HelpAge India is launching new programs designed to help millions of senior citizens across the country combat degenerative illnesses, get out of poverty, and lead dignified, independent lives. A big challenge, however, is getting the right resources and supplies to them efficiently—and in time to make an impact.
Established in 1978, HelpAge India is one of the founding members of HelpAge International, a philanthropic body that now consists of 119 national organizations serving the elderly. The charity has supplied millions of destitute seniors in India with everything from cataract surgeries and cancer therapies to milking goats and small farming equipment. Based in Delhi, HelpAge India raised about $13.75 million in 2015 through donations from individuals (57%), corporations (28%), educational institutions (6%), and other sources (9%).
The number of elderly in need has entered crisis mode in India, as millions of young adults leave their parents and grandparents behind in small towns and villages in order to start new lives in more economically promising urban centers. With increasing longevity in India, there are now 103 million elderly people in the country, 30 million of whom live alone, mostly in rural areas, where an estimated 25 million of them now live in poverty, according to a report from the United Nations Population Fund and HelpAge India.
“Lack of access to primary healthcare is a key factor that’s pushing thousands of elderly people into a spiral of declining productivity and diminished income and poverty,” says Matthew Cherian, CEO of HelpAge India.
In response, HelpAge India recently launched a mobile healthcare delivery service, which aims to provide 5 million seniors (age 60 and older) by 2020 with medicines, medical care, and supplies. But the logistical difficulties of delivering those goods and services have put the program at risk.
HelpAge India employs hundreds of call center agents, relationship managers, and field personnel. And it can take them weeks to transfer details on donations, patients, and supplies from their mobile devices and paper notes into the charity’s on-premises enterprise resource planning applications. That manual work can cause serious delays in planning and scheduling resources.
“Without knowing exactly what our inventory and consumption levels are, we can’t get all of the medicines and supplies delivered in time to the people who desperately need them,” says Cherian.
However, by migrating its procurement and inventory data to Oracle Self-Service Procurement Cloud and Oracle Inventory Management Cloud, accessible from any internet-connected device, “we’ll be able to use dashboards that give us real-time insight into how much inventory we have on hand, what we need to purchase, which vendors are giving us the best credit and what the status of the project is,” says Puneet Bali, HelpAge India chief operating officer. He estimates that the cloud migration will reduce the charity’s operating expenses by 14% and ultimately cut its inventory to near zero.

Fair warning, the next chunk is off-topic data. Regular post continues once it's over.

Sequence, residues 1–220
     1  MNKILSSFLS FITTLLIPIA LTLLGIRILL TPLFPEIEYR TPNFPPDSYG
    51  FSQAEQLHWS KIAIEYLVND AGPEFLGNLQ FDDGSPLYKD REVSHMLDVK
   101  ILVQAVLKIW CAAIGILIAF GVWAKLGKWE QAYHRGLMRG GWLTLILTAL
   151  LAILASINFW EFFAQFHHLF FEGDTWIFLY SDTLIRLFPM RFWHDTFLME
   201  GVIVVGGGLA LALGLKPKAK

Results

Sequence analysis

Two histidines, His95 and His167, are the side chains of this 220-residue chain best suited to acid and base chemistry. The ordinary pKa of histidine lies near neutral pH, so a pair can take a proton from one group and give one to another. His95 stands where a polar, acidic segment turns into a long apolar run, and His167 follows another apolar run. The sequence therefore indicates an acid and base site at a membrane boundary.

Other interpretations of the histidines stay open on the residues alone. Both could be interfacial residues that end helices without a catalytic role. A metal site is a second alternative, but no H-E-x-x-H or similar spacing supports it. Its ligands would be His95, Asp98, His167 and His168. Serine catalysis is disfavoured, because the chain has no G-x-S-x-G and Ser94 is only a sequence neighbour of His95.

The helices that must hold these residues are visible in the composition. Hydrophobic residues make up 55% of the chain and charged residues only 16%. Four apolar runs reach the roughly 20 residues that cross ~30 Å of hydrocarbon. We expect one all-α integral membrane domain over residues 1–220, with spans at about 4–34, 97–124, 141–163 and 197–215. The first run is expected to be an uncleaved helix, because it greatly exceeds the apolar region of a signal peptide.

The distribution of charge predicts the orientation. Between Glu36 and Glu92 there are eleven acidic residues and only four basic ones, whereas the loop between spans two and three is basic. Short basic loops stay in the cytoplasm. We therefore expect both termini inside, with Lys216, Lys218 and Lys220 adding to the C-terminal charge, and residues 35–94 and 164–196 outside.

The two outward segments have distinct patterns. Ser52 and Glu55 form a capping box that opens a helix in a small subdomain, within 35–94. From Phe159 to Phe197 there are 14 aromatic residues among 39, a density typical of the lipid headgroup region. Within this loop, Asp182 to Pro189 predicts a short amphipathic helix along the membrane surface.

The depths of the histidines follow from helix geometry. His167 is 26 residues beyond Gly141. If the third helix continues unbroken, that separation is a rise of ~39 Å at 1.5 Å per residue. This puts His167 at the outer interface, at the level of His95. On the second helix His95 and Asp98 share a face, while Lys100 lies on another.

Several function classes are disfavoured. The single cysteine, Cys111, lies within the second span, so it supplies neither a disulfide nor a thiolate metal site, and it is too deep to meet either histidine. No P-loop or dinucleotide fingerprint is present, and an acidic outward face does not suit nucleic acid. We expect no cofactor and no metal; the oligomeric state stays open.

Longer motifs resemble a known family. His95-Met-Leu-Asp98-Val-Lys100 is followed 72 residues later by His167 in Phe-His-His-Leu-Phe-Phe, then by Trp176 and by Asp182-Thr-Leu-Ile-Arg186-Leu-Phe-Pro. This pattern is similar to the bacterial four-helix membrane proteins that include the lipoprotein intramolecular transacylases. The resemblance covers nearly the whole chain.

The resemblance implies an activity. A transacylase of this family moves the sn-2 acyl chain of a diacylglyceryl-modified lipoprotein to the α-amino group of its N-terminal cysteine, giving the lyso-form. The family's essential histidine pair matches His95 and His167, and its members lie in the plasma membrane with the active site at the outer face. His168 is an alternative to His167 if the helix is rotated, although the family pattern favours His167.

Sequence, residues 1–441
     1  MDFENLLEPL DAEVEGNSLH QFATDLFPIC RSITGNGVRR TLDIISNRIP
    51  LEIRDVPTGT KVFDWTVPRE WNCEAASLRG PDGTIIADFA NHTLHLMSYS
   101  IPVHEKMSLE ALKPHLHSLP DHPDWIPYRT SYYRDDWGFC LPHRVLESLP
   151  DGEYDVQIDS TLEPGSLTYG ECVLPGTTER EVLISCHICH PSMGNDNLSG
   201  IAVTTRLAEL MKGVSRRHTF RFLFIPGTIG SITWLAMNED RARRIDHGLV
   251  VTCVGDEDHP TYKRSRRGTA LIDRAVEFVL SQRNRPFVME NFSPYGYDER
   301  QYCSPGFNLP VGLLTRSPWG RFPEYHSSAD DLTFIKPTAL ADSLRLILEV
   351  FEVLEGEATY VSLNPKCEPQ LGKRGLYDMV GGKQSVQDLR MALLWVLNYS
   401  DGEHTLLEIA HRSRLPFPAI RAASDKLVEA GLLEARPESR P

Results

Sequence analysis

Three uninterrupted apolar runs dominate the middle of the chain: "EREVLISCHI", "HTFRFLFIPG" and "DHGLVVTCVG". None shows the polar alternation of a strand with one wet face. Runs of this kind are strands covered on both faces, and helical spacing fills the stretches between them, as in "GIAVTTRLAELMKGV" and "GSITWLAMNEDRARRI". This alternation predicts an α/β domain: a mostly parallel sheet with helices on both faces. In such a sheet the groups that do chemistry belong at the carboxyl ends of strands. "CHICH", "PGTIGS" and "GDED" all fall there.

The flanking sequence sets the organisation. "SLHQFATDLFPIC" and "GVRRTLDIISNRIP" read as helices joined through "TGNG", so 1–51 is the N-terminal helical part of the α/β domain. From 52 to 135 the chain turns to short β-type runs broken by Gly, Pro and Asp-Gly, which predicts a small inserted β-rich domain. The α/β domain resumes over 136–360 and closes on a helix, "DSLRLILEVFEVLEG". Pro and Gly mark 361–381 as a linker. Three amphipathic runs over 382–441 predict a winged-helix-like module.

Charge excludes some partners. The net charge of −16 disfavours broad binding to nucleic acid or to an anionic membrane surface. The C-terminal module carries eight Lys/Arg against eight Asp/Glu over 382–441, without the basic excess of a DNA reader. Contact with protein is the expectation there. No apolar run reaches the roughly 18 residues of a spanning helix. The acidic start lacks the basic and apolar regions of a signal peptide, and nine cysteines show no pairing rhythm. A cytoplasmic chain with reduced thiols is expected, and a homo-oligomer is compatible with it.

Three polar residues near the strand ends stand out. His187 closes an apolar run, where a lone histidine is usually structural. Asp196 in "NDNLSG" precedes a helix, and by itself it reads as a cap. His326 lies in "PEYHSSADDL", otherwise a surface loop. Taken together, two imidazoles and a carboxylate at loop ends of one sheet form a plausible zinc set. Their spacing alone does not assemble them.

“We can’t justify administrative overhead when we need to account for every rupee we receive,” he says. “Donors want to see our efforts going to the elderly, not into our operations.”
Calculus of Care
And its not just donors who want to see where their investments are going. Government agencies and third-party auditors are also putting pressure on non-governmental organizations (NGOs) to disclose how they’re using donations. “There’s a growing trend for more financial transparency in the sector,” Cherian says.
While HelpAge India has been publishing annual financial reports on its website since 2005, it has struggled to account for all of its project activities, reconcile expenses, and build accurate performance reports for auditors and donors. Before moving to the Oracle cloud applications, HelpAge India had few controls built into its on-premises financials apps, so staffers filing their expenses or ordering supplies could accidentally misallocate charges to any one of the 800 to 900 projects in the chart of accounts.
Using a standard feature in the Oracle applications, HelpAge India can now set up access controls that allow only those individuals in certain roles to view and enter payments, expenses, and purchase order requests for their assigned projects. “This gives us confidence that our reports reflect exactly where the donor money is going and how it is impacting the project,” Bali says.
Also, because the Oracle Financials Cloud application connects with HelpAge’s bank, all of the donation receipts are automatically reconciled and tracked to their respective projects. “We have a separate portal that is integrated with Oracle CRM On Demand and Oracle Project Portfolio Management Cloud, so that donors can track their investments against specific programs—and ensure their investments are going to their intended use, says HelpAge India CIO Partha Bardhan.
In contrast to many NGOs, HelpAge India, with the help of cloud tools, is starting to act more like a financial institution: It takes clients’ money as a trusted adviser, makes calculated investments, and anticipates a return for every rupee it receives.
“I need to know where the money is coming from, where it is going, and how that money is improving the life of an indigent elderly person,” Bali says.
As the number of elderly people in India climbs from about 100 million today to an estimated 323 million by 2050, HelpAge India is on a mission to make that population a healthier one. By using cloud ERP applications to automate and account for all of its project functions, that’s a mission it’s better equipped to fulfill.
Sasha Banks-Louie is a brand journalist for Oracle.